Effects of Hate Speech by Lorna Costelloe

Every action has a consequence. Be it you sleeping in those extra five minutes, and then missing the train, or you calling someone a fag and them going home feeling hurt. Hate Speech has many consequences, and understanding these effects leads to understanding why the No Hate Speech Movement is such an important movement.  
 
One of the largest consequences of Hate Speech is the effect that it can have on a victim’s mental health. Many of those who are victims of Hate Speech may self harm, or become suicidal, their confidence and self esteem may be affected, as well as many more consequences. What to one person is a simple word, to another is much worse. While many people believe that how someone interprets their words is not their problem, this is not true. It is your responsibility to ensure that your words aren’t hateful.  
 
This doesn’t mean you won’t make mistakes - it just means that when you do, you accept it, apologize and do your best to not repeat that mistake. Take pronouns for example - there’s a difference between deliberately misgendering someone, and making a mistake. Misgendering someone unintentionally is not Hate Speech - there’s no intent behind it, and no intention to cause hurt. However intentionally misgendering someone is usually intended to cause hurt, there can be an element of hatred or intolerance behind it, and therefore it’s Hate Speech.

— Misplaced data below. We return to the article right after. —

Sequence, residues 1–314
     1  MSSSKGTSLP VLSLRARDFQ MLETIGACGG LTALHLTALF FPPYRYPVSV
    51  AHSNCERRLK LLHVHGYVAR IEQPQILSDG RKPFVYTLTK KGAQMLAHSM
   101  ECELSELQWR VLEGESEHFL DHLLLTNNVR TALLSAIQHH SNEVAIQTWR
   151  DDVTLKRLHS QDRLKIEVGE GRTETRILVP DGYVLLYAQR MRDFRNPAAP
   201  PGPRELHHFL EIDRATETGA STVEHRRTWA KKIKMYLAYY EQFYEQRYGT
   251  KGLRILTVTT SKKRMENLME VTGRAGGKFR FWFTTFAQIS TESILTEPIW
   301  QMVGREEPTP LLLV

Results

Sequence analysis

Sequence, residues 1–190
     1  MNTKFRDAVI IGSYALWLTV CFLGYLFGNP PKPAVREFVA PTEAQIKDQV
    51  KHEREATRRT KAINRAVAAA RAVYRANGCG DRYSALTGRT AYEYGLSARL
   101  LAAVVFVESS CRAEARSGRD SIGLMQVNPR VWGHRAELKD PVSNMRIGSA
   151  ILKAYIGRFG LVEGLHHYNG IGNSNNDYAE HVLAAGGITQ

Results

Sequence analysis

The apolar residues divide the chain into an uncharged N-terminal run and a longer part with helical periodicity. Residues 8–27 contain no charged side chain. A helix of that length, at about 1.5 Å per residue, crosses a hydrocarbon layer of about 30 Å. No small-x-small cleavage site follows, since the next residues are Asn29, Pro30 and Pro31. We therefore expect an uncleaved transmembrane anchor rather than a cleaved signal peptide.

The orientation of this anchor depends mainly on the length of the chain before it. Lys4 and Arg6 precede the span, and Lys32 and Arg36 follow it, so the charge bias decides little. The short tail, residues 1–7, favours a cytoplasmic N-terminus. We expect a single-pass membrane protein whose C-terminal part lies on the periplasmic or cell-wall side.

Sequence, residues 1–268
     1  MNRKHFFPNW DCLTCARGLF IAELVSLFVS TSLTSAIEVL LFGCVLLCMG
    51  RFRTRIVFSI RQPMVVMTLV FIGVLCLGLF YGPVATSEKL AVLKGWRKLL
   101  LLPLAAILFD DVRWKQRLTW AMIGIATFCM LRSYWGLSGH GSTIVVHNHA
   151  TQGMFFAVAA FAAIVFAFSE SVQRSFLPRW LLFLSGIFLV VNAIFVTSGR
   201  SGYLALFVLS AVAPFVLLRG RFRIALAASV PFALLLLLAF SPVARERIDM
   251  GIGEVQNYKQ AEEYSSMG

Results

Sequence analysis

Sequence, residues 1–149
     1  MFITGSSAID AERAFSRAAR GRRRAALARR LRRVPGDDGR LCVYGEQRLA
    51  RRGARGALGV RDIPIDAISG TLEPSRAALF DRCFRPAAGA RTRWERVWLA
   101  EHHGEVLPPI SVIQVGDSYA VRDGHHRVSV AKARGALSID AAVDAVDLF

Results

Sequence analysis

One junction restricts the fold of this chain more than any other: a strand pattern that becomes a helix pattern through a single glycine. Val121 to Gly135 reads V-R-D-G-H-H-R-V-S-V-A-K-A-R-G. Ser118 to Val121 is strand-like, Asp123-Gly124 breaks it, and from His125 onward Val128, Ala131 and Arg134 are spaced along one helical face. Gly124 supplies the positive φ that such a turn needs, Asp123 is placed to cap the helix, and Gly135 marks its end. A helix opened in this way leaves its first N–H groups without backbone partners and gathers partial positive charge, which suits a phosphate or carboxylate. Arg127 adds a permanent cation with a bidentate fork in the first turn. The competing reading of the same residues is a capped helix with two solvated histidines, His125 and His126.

Saying that someone should get over it, that not allowing you to use hurtful words is oppressive and in violation of your free speech… that’s commonly known as “passing the buck”. Refusing to take responsibility only causes more problems. Learn from your mistakes, accept that it is your responsibility not to hurt others. No one wants to be the person responsible for endangering someone’s mental health, or for lowering their confidence and self esteem.  
 
While you may believe that what you’ve said has been simply said to friends, this may not be the case. Making jokes about people’s sexuality, ethnicity, skin colour, religion and a variety of other aspects can lead to normalising negative aspects, which is another effect of Hate Speech. It also reinforces stereotypes and prejudices, which are very difficult to overcome. When stereotypes exist about groups of people, this creates tension between people, particularly groups of people. Tension can lead to an even more serious situation in the future.  
 
By taking responsibility and ensuring that the words you use aren’t hateful or intended to incite hatred, you can be part of the movement to stop Hate Speech. Your contribution is important, you are important, and you can stop Hate Speech. Instead of being the person who sends someone home upset, hurt and angry, or who pushes someone to the point where they feel the world hates them, you can be the person who ensures that they haven’t been forced to endure hateful words, actions or expressions.